World Cup quality
An international start list of past Olympians and young, up-and-coming talent had difficulties at a variety of the course’s presented questions, but Jeffrey did not doubt that some of the six riders with four faults would go clear given another chance.
“A few of those four-fault rounds could have easily gone clean,” Jeffrey said. “But I didn’t expect more than three or four clean rounds. That’s what I wanted, and basically for once, it worked out that way.”
Rideability played a major role in Jeffrey’s design, with a focus on genuine height and width throughout the course and without an unduly tight time allowed.
“The two oxers on a forward stride then quickly to a plank on flat cups demonstrates the type of course it was,” Jeffrey said. “It meant being able to lengthen and shorten the horse while keeping the horse balanced.”
“I didn’t really have a strategy,” said Lennon, the only rider to travel directly from Europe. “I just came, and the horses traveled well. They jumped good tonight. It was a difficult course for her in the first round so I’m happy.”
Lennon has ridden the mare for four seasons now, getting her at the end of her nine-year-old year and after she came back from an early injury.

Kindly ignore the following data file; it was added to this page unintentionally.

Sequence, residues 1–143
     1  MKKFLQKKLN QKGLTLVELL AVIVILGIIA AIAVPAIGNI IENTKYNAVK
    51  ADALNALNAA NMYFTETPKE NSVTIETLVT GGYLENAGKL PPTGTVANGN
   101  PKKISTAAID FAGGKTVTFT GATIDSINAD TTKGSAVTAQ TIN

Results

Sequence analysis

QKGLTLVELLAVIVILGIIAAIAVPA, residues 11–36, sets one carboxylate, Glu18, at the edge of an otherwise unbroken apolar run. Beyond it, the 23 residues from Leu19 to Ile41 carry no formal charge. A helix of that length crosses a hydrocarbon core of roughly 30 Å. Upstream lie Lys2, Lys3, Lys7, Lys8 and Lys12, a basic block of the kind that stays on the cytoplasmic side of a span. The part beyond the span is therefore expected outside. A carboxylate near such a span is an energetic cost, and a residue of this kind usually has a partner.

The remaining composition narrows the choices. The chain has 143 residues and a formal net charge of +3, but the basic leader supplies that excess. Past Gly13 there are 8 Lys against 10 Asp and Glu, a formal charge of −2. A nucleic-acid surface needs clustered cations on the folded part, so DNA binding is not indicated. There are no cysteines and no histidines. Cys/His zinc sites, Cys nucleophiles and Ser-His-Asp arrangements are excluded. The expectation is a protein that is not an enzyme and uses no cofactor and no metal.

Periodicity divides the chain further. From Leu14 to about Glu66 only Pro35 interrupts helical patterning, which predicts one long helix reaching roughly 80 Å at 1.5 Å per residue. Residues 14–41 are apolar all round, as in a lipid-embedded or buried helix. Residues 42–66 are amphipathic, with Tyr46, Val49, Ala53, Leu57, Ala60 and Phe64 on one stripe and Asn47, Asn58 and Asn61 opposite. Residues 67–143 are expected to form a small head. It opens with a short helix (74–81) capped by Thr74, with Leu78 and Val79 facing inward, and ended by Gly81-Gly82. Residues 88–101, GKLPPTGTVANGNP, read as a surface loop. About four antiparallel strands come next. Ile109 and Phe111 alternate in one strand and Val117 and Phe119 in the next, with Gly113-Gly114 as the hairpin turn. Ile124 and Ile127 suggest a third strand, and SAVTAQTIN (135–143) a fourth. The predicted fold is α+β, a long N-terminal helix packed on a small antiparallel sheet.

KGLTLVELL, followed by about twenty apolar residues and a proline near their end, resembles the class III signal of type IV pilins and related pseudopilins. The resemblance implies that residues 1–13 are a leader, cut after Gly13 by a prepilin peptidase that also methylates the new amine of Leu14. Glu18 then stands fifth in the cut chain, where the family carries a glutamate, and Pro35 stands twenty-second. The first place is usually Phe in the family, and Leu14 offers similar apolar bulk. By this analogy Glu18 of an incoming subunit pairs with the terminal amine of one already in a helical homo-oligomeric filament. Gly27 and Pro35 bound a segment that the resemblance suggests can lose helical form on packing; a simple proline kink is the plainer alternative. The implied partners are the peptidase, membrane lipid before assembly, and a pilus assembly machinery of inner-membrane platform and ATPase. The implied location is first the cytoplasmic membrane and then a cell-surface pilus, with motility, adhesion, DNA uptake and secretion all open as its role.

“She’s very competitive, she’s not the easiest to ride, and she’s a bit temperamental,” he said. “She came up with a new one this week. She always for the last three years that I’ve ridden her, hung her tongue out the right-hand side. This week, she’s holding it in the back of her month. It’s something to work out. She always wants to try and she’s a nice mare.”
Roberto Teran (COL) and 12-year-old, Dutch Warmblood mare Woklahoma (Sheraton x Calvados) rode to the fastest, four-fault score in the class.
“Toronto is like my second hometown,” Teran said. “And I always want to come here; I think it’s super special. Last year, I made a big mistake in the jump off. And I think today was a little unlucky, but I’m really happy with the result.”
1. HH Azur (McLain Ward), USA, 1 faults/47.58 seconds (JO);
2. Loughview Lou-Lou (Dermott Lennon), IRL, 8/42.04(JO);
3. Woklahoma (Roberto Teran), COL, 4/73.65;
4. H&M Forever D Arco ter Linden (Nicola Philippaerts), BEL, 4/73.95;
5. Breitling LS (Elizabeth Madden), USA, 4/74.65;
6. VDL Wizard (Callan Solem), USA, 4/75.88;
7. Star Power (Jonathon Millar), CAN, 4/78.02;
8. Appy Cara (Erynn Ballard), CAN, 4/78.35.